It’s Officially Frozen Confection Season in Portland. Here Are Eight Cooling Treats That Go Beyond the Obvious.

Skip the lines. Hell, skip the ice cream altogether, if you prefer.

Summer is finally here! Maybe?

Honestly, with this finicky Pacific Northwest weather, it's hard to tell. Generally, though, July 4 represents the official start of the warm-weather months in Portland, which also heralds the start of frozen confection season. It's the time of year when natives and tourists alike descend like a swarm of ravenous mosquitos on a handful of better-known and often mediocre places to devour whatever cold snack is on trend at the moment.

Skip the lines. Hell, skip the ice cream altogether, if you prefer.  Instead, check out a few of Portland's finest but lesser-known frozen delicacies. We've culled the list for you here:

Cendol at Gado Gado

Combine a pile of snow cone-consistency ice, palm sugar syrup and coconut milk, then add green gummy worm-like, pandanus-flavored noodles made from tapioca and rice flour, and you have cendol, Southeast Asia's favorite frozen sweet. The dessert has been mostly MIA in Portland until recently opened nouveau Indonesian hot spot Gado Gado had the guts to put it on its menu. This version includes some soft pieces of jackfruit, red beans and freeze-dried corn kernels. Weird, yes, but also sweet, refreshing and entirely sensible when the temp hits 90. Gado Gado, 1801 NE César E. Chávez Blvd., 503-206-8778, 5-10 pm Wednesday-Monday.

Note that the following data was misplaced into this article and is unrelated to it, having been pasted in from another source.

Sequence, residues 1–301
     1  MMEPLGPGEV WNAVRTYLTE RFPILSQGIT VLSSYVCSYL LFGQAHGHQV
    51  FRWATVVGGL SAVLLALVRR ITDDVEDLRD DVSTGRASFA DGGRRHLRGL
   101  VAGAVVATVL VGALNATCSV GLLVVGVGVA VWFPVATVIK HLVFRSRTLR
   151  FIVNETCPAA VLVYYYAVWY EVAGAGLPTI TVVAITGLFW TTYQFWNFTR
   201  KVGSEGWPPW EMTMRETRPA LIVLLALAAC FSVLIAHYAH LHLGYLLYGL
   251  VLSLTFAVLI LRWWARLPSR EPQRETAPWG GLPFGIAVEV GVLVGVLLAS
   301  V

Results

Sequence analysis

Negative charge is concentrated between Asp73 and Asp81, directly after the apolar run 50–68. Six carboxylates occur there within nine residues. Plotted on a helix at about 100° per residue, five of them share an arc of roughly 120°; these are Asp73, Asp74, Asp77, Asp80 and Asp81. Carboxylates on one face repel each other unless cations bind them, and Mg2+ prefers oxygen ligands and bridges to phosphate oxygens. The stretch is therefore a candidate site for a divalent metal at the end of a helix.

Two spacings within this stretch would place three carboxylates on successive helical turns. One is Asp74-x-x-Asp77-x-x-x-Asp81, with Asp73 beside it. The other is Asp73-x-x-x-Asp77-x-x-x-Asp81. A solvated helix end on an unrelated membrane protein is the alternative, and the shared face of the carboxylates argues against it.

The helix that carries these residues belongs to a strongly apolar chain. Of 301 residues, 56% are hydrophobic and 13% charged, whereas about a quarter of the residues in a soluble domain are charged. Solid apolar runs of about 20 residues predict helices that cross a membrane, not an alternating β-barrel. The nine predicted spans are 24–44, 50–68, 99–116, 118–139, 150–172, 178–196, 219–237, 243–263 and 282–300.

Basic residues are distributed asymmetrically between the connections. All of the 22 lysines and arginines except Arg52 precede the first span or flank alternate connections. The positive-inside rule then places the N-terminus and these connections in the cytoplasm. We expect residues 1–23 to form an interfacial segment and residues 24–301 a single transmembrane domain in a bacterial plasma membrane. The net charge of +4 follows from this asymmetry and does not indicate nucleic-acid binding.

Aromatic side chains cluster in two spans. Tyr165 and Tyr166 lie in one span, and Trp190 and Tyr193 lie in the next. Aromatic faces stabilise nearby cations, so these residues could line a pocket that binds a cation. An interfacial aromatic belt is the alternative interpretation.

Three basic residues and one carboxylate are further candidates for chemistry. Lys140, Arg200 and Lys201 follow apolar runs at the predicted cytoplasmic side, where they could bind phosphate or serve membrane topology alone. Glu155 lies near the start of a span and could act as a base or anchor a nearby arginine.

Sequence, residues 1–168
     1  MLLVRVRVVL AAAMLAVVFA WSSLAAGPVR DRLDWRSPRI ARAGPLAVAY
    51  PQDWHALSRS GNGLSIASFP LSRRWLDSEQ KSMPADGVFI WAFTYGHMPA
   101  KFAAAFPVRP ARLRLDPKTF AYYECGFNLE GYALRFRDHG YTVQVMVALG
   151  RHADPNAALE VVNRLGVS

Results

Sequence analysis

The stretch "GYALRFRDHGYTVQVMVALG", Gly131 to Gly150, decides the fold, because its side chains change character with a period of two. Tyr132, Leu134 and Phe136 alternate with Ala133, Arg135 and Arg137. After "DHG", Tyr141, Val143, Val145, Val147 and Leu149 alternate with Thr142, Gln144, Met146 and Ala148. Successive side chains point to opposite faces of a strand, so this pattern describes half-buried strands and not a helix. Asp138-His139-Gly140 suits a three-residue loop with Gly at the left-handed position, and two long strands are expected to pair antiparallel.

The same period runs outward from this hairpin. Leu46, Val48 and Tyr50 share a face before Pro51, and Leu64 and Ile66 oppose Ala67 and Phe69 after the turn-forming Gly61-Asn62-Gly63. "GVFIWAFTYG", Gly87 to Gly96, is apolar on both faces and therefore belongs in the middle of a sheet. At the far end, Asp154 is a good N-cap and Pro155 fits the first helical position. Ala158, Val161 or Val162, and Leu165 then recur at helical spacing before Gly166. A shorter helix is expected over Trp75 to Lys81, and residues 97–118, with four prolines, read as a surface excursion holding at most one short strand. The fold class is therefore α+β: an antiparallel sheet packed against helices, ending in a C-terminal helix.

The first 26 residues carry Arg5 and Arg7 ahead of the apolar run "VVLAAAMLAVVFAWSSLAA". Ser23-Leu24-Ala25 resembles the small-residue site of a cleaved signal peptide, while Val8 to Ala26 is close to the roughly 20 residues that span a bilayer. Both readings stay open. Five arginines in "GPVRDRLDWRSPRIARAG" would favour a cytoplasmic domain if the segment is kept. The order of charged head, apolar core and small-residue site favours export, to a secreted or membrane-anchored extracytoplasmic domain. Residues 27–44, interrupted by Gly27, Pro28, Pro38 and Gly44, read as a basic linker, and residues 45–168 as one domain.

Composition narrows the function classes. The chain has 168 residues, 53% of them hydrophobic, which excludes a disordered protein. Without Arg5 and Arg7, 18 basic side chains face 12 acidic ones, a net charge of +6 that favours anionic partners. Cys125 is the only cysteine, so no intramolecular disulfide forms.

Paletas at Ome Calli

A Beaverton strip mall doesn't exactly evoke the feeling of a Mexican plaza on a hot summer's eve, but that should not keep you and your brood from channeling the vibe. In plazas throughout Mexico, families sit under shady trees with a frozen popsicle in hand to beat the heat. Those popsicles, or paletas, begin with the likes of zapote negro, a black fruit with a deep brown sugar flavor, guanabana (soursop) that tastes like a cross between banana and pineapple, and mamey, which tastes of papaya and sweet potato. All may be exotic in Portland, but are common south of the border. Ome Calli, in a tidy spacious storefront with adjacent parking, sells these and many others, along with ice creams in equally uncommon flavors such as elote, horchata and cotija cheese. Ome Calli, 12795 SW Canyon Road, Beaverton, Noon-8:50 pm daily.

Gelato at Pinolo Gelato

In Italy, gelato and its dairy-free cousin, sorbetto, are elevated to high culinary art. That's the firmament from which Southeast Portland's Pinolo Gelato and its affable proprietor, Sandro Paolini, sprang. Originally from Pisa, Paolini is a quality obsessive who engineers every batch using fresh fruits from impeccable sources, including his own customers' yards. His simple flavors, such as fior de latte, straccietella (Italian chocolate chip) and hazelnut (using only Piedmontese nuts) are simply wonderful. It's the seasonal sorbettos, like never-too-sweet frozen versions of fresh-picked fruit, that leave every other local shop in the dust. Champagne mango, strawberry enhanced with elderflower and lemon-basil were recent hits, but order whatever you might find at local farmers markets. Pinolo Gelato, 3707 SE Division St., 503-719-8686, Noon-9 pm Wednesday, Thursday and Sunday; noon-10 pm Friday-Saturday.

Baobing at EC Kitchen